Why Inclusive Workspaces Matter for Small and Mid-Sized Businesses

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This summer, the U.S. Chamber of Commerce Foundation is hosting its next series of events to support Incorporating Inclusion—a research and education initiative established to demonstrate the corporate and community value of LGBTQ-inclusive workplaces. These forums are an opportunity for businesses, especially small and medium-sized businesses, and partners, to learn how to build inclusive cultures inside and outside their organizations.

These events are designed for leaders across business functions and roles, including human resources, diversity and inclusion (D&I), legal, corporate social responsibility, workforce and talent management, economic development and empowerment, and community partnerships.

On August 9, the Chamber and its partners at the Columbus Chamber of Commerce Foundation held a regional forum in Columbus, Ohio, where representatives from local businesses and nonprofits shared effective techniques for establishing innovative and authentic inclusion policies and programs, and how that can grow employee and community engagement.

Inclusion is Key to Employee Retention and Attracting Talent

Inclusion has a tremendous impact on a company’s ability to attract and retain talent in today’s tight job market, and creating an inclusive workplace requires taking intentional steps. At a time when the rate of employee turnover is the highest in 17 years, businesses must ensure workers feel valued, regardless of their sexual orientation, gender identity or expression, hair style, or background.

The U.S. Census predicts that millennials will make up 75% of the workforce by 2025. Studies show this generation of workers is willing to change jobs when organizations fail to make D&I a priority, especially when it comes to creating a workplace where everyone, regardless of race, ethnicity, gender, age, disability, sexual orientation, and gender identity can thrive.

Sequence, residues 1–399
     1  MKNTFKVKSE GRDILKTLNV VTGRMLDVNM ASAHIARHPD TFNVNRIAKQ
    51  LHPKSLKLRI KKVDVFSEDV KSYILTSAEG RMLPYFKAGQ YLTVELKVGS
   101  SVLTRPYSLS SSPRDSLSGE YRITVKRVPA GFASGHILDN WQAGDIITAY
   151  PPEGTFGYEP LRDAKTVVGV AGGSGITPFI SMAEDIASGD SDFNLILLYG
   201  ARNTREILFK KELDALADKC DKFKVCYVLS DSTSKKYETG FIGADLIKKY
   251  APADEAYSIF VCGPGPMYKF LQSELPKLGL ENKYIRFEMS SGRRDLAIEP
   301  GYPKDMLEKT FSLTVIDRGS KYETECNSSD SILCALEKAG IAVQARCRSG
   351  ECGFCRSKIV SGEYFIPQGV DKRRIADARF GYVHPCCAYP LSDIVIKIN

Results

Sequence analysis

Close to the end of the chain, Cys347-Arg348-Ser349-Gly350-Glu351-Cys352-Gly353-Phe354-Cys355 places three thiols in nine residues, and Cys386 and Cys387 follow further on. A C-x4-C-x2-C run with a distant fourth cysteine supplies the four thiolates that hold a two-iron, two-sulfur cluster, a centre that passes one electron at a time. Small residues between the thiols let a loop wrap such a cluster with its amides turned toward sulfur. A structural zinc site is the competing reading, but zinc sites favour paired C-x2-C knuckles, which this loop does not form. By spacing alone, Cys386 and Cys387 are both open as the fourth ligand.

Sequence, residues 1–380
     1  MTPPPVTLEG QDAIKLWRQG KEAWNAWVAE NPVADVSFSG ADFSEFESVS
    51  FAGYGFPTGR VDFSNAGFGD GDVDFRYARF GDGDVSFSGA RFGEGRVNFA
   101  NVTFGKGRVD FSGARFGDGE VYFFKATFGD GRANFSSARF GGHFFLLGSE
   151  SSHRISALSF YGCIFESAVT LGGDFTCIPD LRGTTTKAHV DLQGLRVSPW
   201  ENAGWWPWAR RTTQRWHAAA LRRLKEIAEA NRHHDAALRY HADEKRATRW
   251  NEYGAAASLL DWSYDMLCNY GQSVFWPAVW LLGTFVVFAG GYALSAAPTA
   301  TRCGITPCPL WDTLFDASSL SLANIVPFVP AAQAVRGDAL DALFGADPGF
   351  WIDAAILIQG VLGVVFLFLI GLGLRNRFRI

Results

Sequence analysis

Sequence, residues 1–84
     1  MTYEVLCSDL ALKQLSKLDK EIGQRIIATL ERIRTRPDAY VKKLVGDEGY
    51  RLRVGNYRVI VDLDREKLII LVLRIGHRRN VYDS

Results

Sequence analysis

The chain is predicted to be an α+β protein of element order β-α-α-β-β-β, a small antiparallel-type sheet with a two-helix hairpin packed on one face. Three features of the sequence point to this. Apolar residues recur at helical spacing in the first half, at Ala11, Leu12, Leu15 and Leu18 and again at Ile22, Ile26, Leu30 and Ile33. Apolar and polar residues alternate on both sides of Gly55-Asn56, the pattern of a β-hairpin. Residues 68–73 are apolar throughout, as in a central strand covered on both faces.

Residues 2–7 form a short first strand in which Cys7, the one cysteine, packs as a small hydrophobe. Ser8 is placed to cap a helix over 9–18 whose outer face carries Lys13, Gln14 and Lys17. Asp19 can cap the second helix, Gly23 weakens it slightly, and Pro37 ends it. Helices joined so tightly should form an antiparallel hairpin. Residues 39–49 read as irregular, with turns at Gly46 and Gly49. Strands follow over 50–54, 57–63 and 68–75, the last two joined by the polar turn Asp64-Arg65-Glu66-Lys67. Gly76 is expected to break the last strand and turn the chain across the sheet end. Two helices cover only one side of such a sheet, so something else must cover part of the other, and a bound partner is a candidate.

This issue was reinforced by the experiences of two local business owners who shared specific examples of how creating an inclusive workplace positively impacted their bottom line. Jennifer Evans is the development manager at Greenleaf Job Training Services, a vocational rehabilitation agency for individuals with disabilities and other barriers to employment located in Columbus. She reminded employers struggling to fill open positions to focus on the skills a person brings to the job – or risk losing a highly qualified candidate.

Customers are a Critical Stakeholder

Chris Cozad, president of Alternative Auto Care, emphasized being treated with respect matters to customers too. As an openly lesbian owner in the auto repair business, Chris knows firsthand how this male-dominated industry is not known for being women-friendly. Regardless of who a customer is or what they look like, her all-female staff never makes assumptions about a person when they bring their car in for service. Members of the transgender community who are often denied service or experience harassment when engaging with small businesses are among her loyal customers because Alternative Auto Care makes them feel welcome.

Throughout the program, additional themes emerged from the speakers and attendees regarding how to create an inclusive workplace:

  • Make diversity, equity, and inclusion a priority; a one-size fits all approach will not work in today’s multicultural world.
  • Business leaders need to demonstrate an authentic commitment to inclusion by developing solutions based on input from stakeholders that matter such as employees and customers.
  • If you make a misstep, acknowledge the error and pledge to do better next time.

For business owners looking for guidance, the U.S. Chamber Foundation’s LGBT Inclusion Hub for Small Businesses is here to help. The Hub is an online platform that provides vital resources and tools small business owners can utilize to build productive, efficient LGBT-inclusive workplaces. This centralized platform includes business advice, solutions, and one-on-one expert support. These best practices can empower small employers who have the desire to engage in inclusionary relationships but may not have the methods or the time to build a program from scratch.

The U.S. Chamber of Commerce Foundation will be hosting its next in-person Incorporating Inclusion event on August 31, 2022, in Charlotte, NC. Hope to see you there! Learn more and register for free today.